Guidance starts at the very beginning, based on your child’s personality and passions. The better your child knows himself, the more informed he’ll be when it comes to making career choices. Pay close attention to his professional interests, even if they change over time. This will give you an insight into what motivates him deeply. Discuss his interests and future aspirations with him as he progresses through school. Encourage him to explore his talents and develop his “life project”. Ask him questions like “What motivates you in life?” or “What do you like about this or that activity?”
Involve your child in decisions that concern him/her (while maintaining your role as decision-making parent). For example, invite your child to give his or her opinion at meetings with teachers. This will get him used to playing an active role in decisions affecting his life. In this way, when your child has to make important choices about his or her career in 3rd, 10th and 12th grade, he or she will naturally be involved.
Remind him that even if he’s in a course of study he didn’t choose, nothing is irreversible. They can always change direction, provided they give themselves the means to do so. These days, it’s increasingly common to build a professional career by exploring different trades.
Every child has a potential that is often underestimated. To boost self-confidence and develop their potential, it’s best to help them become aware of their existing skills, rather than focusing on their weaknesses. Rather than saying “You’re not at the right level in this subject to pursue this career”, you can say “If you really want to pursue this career in the future, you’ll have to make progress in this subject. Are you ready to put in place the necessary resources?”. It’s essential to help children identify with their potential (their skills and qualities) rather than their shortcomings. This will make it easier for them to achieve their life goals, as they will see themselves as “capable” rather than “incompetent”.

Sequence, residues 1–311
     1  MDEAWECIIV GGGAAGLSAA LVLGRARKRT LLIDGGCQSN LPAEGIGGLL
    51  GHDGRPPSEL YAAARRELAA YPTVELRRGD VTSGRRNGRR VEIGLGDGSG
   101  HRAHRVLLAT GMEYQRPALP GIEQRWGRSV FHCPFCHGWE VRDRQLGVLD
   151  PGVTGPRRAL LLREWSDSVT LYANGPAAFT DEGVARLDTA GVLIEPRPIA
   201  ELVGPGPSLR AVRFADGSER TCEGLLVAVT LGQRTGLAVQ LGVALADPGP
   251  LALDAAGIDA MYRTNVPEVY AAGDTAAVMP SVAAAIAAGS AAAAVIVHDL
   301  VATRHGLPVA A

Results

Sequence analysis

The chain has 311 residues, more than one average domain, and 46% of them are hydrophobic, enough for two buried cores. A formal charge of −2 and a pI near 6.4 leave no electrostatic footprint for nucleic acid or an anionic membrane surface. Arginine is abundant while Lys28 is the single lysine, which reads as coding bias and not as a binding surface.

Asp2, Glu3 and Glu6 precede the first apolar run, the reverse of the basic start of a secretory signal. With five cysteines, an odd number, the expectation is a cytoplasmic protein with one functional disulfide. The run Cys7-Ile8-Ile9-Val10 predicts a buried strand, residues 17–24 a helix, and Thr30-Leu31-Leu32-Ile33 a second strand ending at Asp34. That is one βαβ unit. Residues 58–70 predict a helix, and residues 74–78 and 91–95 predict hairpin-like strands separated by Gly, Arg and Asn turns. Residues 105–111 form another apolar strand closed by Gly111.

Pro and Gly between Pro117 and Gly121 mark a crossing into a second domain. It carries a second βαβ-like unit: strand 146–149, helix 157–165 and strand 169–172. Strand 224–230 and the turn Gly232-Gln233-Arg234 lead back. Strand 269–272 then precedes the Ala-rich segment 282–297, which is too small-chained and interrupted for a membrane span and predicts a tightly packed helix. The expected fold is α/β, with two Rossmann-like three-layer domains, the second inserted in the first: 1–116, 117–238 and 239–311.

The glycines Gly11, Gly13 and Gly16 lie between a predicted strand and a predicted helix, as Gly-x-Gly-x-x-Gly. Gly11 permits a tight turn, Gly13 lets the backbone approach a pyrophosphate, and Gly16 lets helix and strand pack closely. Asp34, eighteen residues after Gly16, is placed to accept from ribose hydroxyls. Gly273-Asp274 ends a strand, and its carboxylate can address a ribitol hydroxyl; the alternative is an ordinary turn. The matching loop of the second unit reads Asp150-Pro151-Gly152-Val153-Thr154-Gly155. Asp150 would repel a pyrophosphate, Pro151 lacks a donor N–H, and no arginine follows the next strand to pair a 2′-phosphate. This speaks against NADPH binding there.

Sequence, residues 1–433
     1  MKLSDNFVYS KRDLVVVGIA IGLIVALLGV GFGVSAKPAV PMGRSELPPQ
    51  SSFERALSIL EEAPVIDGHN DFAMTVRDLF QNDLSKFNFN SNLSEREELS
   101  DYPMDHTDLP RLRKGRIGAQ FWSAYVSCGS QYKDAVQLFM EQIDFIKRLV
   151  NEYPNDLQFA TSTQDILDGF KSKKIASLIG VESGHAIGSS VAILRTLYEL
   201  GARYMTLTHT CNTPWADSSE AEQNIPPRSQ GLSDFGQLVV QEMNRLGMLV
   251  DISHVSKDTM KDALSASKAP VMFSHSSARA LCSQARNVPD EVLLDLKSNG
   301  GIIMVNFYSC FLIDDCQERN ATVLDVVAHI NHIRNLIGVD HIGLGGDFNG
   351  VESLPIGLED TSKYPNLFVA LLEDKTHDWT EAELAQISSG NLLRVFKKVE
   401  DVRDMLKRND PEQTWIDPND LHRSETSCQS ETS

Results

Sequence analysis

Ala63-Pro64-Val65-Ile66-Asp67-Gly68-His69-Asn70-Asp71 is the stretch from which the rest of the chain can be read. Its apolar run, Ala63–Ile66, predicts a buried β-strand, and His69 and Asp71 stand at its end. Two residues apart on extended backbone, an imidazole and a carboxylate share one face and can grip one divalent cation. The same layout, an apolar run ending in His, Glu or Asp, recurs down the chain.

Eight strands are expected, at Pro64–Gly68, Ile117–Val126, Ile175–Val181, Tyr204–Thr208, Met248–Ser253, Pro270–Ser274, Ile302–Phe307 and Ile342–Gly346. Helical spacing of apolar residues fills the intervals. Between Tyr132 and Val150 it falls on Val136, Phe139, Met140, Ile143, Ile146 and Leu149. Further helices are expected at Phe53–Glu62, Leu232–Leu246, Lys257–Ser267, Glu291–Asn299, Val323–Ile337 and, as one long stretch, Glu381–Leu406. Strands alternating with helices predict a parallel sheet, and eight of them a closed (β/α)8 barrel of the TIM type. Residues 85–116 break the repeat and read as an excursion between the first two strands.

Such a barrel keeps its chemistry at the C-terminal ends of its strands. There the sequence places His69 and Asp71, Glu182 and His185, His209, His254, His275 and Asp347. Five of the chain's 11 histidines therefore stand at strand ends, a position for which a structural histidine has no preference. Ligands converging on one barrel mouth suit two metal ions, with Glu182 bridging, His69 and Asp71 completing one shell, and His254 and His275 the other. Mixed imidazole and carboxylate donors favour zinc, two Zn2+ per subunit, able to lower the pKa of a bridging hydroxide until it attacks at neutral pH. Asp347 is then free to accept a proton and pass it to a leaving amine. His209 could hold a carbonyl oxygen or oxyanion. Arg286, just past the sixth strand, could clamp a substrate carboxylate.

Explain to your child that his or her schooling will contribute to the realization of his or her life plans in the future. Some school subjects may seem abstract and far removed from everyday life, but the more you can make sense of them, the more motivated they will be.
If you have a job, discuss it with your child and explain your daily tasks. If possible, take him to your workplace to show him how a company works, as this often remains abstract for young people. However, make sure you don’t unintentionally influence them in your direction.
If your child already has a clear idea of her future profession, encourage her to meet professionals in the field, ideally at their place of work. For example, if your daughter wants to become a veterinarian, help her organize an internship in a veterinary clinic during her 3rd grade class. If your child lacks specific ideas, suggest that she attend career fairs or consult a career advisor.
It’s common to rely more on outside influences to make decisions, but developing an “inner reference point” is essential for successful and fulfilling guidance. Foster your child’s self-confidence and encourage him to listen to his inner feelings. This will help them to make more autonomous decisions, rather than conforming to the expectations of others without reflection.
In conclusion, it’s important to take the time to discuss your child’s interests and passions with him or her. After a few discussions, you’ll know more about your child’s interests.